the UART Bootloader project included with the kit (\CY8CKIT-049-42xx\Firmware\SCB_Bootloader\
UART_Bootloader.cydsn\CortexM0\ARM_GCC_484\Debug\). This is done to point the bootloadable project to
the bootloader running in the kit. Click Apply and then OK.
Figure 26. Adding UART Bootloader Dependency
4.
5.6
Finally, rebuild the project by selecting the option Build My_First_Project from the Build menu.
Bootload Your CY8CKIT-049
The CY8CKIT-049 is a little different from the other PSoC 4 development kits. The CY8CKIT-049 does not have an
on-board programmer and needs to be bootloaded. See AN73854 for additional details on bootloading. To bootload
the example project provided with this application note to the CY8CKIT-049, perform these steps:
1.
Connect the CY8CKIT-049-4xxx prototyping board to the PC. When connecting the kit to the port, depress the
SW1 button as it is plugged in. You will notice that the blue LED begins to blink rapidly; this indicates that the
PSoC 4 is in 'Bootloader Mode' and is ready to be loaded with the latest firmware. This must be done each time
you bootload the PSoC 4.
2.
Select Tools > Bootloader Host to open the Bootloader Host tool.
Figure 27. Launch Bootloader Host Tool
The Bootloader Host tool opens.
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Getting Started with PSoC® 4
Figure 28. Bootloader Host Tool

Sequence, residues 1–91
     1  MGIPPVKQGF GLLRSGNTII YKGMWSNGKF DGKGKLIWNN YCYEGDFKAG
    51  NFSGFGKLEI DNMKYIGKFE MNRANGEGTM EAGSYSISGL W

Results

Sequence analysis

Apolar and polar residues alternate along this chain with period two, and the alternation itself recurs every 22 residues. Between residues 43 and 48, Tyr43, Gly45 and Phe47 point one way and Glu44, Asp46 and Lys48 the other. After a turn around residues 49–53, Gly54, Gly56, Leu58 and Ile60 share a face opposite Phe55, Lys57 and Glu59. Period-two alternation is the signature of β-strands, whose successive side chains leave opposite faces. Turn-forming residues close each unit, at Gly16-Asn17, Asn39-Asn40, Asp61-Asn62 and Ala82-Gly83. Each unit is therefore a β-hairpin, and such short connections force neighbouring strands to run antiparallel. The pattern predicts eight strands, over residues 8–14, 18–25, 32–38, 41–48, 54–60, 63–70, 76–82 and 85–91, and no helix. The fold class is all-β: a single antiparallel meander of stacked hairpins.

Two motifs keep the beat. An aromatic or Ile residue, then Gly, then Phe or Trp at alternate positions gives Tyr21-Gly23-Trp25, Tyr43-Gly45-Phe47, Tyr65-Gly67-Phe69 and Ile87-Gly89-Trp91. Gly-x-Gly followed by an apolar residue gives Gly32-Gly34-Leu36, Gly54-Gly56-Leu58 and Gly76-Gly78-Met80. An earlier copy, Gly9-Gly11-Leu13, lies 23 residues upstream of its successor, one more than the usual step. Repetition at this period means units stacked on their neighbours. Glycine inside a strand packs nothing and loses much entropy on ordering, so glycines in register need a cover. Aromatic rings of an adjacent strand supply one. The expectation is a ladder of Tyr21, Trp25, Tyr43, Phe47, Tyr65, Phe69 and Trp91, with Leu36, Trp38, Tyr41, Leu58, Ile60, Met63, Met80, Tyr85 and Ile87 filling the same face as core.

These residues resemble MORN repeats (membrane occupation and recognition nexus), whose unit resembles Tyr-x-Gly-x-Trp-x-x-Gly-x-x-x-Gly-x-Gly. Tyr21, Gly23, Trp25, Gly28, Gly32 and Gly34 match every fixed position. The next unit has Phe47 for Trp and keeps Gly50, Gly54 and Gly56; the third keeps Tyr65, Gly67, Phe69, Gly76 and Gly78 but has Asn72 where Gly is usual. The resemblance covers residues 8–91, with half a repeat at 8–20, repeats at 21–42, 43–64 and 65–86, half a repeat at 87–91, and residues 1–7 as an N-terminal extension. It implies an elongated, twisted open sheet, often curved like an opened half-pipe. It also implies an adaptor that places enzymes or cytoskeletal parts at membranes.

3.
Click Filters and select the Show UART Devices option from the Port Filters window, and then click OK. This
lists all COM devices connected to the computer.
Note: The PID of the Bootloader is F13B. You may enter this PID in the Port filters window to list only the Kit
Bootloader.
Figure 29. Port Filters
The Bootloader Host tool will now display all of the available UART based COM ports.
4.
Click the COM port from the list of available ports and enter the UART configuration such as Baud Rate, Data
Bits, Stop Bits, and Parity for the USB-UART configuration on the USB-Serial device.
The values for the UART are: 115200 baud rate, 8 data bits, 1 stop bit, and no parity
5.
Click File > Open and navigate to the My_First_Project.cyacd file generated in the CortexM0 folder in your
project directory, and then click Open.
Figure 30. Opening the Generated File
6.
Click the Program button to flash the part with your new application code. The status window provides output
message and a status bar indicates the programming progress. When bootloading is complete, your application
executes with the latest version of the application code.
Figure 31. Program the Device With Application Code
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Getting Started with PSoC® 4
5.7
More PSoC 4 Code Examples
You can find more PSoC 4 code examples in the Cypress website. The following figure shows a cumulative
representation of different blocks available in devices of the PSoC 4 family. Examples corresponding to each block
are categorized in the following section. Click on any of the PSoC 4 block to navigate to the corresponding code
example link.
®
PSoC 4
MCU Subsystem
Programmable Analog
Blocks
I/O Subsystem
GPIO
SAR
ADC
Opamp
GPIO
CortexM0/M0+
48 MHz
CAN
Full-Speed
USB 2.0
RTC
DMA
www.cypress.com
CSD